Eliud Kipchoge‘s invincibility is gone.
The greatest marathoner in history lost for the first time in seven years at Sunday’s chilly, rainy London Marathon, ending a streak of 10 straight wins over 26.2 miles.
Kipchoge dropped behind a leading group of six men in the 24th mile and never regained contact, placing eighth in 2:06:49. The Kenyan cited a blockage in his right ear over the last 10 miles and leg and hip cramping but didn’t blame the 50-degree weather.
“At the last five kilometers, I discovered that something is wrong,” said Kipchoge, a 35-year-old who shivered through a thick jacket in a post-race interview. “My legs are not moving. My ear is totally blocked. I tried to keep on with the pace and tried to finish.”
Ethiopian Shura Kitata won in 2:05:42, one second ahead of runner-up Vincent Kipchumba of Kenya.
Kipchoge came into Sunday with 11 wins in his 12 career marathons.
In his last three times racing 26.2 miles, he lowered the world record to 2:01:39 in Berlin in 2018, won his fourth London Marathon title in 2019 in a course record 2:02:37 and became the first person to cover the distance in under two hours. He ran 1:59:40 in a non-record-eligible event in Vienna last October.
To put Kipchoge’s 10-marathon streak in perspective, the two other legendary male marathoners, Ethiopians Abebe Bikila and Haile Gebrselassie, topped out at six in a row.
“I’m truly disappointed,” said Kipchoge, known for his calm, philosophical demeanor. “But, all in all, this is sport. Sport is run by today you are up, tomorrow you are down.”
The London Marathon was postponed from its usual April date due to the coronavirus pandemic. The mass race was canceled. On Friday, Kipchoge’s biggest threat, Ethiopian Kenenisa Bekele, withdrew with a calf injury.
Traditionally, runners wind around the River Thames and produce some of the faster times of the six World Marathon Majors.
This year, they were in “a secure biosphere” and completed 19 loops of St. James’s Park without the usual spectator crowds — but cutouts, including Queen Elizabeth II and Prince William — before finishing at the usual line at The Mall.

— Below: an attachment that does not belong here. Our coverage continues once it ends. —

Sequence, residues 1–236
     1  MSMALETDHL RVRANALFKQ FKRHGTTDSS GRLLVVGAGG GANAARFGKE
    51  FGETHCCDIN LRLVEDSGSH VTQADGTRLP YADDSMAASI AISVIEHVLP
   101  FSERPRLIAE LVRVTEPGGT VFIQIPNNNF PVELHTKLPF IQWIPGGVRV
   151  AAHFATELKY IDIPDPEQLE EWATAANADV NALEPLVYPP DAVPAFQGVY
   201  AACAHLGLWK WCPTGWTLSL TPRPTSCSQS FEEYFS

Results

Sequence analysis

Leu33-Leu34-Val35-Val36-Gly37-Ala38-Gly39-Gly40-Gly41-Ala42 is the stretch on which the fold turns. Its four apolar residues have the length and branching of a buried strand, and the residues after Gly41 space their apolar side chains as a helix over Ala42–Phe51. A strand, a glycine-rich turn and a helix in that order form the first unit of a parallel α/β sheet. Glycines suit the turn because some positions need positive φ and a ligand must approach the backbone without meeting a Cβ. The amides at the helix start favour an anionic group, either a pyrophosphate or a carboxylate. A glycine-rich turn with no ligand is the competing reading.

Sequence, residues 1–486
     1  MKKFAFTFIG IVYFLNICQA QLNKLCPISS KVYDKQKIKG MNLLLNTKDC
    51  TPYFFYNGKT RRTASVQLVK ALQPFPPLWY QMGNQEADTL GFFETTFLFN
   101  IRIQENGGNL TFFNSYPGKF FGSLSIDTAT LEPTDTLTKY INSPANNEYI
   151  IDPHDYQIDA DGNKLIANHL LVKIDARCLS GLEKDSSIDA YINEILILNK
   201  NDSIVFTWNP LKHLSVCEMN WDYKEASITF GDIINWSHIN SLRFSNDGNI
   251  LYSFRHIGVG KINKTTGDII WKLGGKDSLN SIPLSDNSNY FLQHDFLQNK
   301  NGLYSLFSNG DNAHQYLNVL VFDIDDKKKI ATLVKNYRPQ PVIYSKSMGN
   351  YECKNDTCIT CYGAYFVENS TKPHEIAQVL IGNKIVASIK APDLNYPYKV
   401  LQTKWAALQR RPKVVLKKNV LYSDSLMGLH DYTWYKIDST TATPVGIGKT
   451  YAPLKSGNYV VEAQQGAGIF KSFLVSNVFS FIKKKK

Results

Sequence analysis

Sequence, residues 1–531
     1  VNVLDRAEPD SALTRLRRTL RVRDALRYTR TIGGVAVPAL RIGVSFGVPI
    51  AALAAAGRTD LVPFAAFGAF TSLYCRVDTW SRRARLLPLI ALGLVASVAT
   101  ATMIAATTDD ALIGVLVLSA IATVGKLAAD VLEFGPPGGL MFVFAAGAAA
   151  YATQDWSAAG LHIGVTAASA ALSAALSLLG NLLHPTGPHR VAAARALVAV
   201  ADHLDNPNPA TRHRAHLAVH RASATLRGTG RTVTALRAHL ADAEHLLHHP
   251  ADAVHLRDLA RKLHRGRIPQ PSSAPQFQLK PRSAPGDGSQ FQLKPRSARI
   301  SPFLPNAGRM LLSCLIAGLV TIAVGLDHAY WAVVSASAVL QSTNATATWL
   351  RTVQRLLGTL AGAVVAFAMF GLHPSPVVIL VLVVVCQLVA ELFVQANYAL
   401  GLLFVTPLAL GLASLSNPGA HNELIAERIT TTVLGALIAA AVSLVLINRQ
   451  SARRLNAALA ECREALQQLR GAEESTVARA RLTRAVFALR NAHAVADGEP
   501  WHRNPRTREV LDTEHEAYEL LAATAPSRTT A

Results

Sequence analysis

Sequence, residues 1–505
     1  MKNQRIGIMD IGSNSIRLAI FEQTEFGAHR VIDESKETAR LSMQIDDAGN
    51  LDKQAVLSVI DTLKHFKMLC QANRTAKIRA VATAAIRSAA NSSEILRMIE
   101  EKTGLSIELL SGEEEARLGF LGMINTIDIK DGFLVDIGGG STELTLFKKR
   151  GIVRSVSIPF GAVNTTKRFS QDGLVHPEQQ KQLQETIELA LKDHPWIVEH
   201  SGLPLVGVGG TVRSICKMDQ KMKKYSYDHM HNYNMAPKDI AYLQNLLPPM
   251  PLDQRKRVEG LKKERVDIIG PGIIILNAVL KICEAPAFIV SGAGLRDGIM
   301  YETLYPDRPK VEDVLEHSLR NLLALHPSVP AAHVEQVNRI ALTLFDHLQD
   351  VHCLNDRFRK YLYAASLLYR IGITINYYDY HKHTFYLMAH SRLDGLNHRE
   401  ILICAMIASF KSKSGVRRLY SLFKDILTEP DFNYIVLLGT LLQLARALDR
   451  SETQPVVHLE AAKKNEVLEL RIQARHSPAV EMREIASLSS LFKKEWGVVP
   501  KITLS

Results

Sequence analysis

MORE: London Marathon Results
Earlier in the women’s race, world record holder Brigid Kosgei of Kenya won easily in 2:18:58. Kosgei, who repeated as London Marathon winner, ran the fastest women’s time in history at the Chicago Marathon last October, a 2:14:04.
American Sara Hall surged in the final half, going from ninth place to second in 2:22:01. a personal best and the eighth-fastest time ever by a U.S. woman. In her last marathon on Feb. 29, Hall went into the Olympic Trials as a contender to make the three-woman team but dropped out in the 23rd mile, calling it “a massive disappointment.”
“This was the moment of redemption,” she said Sunday.
Hall, who edged world champion Ruth Chepngetich of Kenya by four seconds on Sunday, earned her first World Marathon Major podium. She became the first American runner to make the London Marathon podium since Deena Kastor won in 2006.
“I’m still kind of in shock,” Hall said. “I feel so honored to be enjoying my career the most I ever have at age 37.”
Molly Seidel, who made the Olympic team by placing second at trials in her first marathon, took sixth on Sunday in 2:25:13, which was 2:18 faster than her debut in Atlanta.
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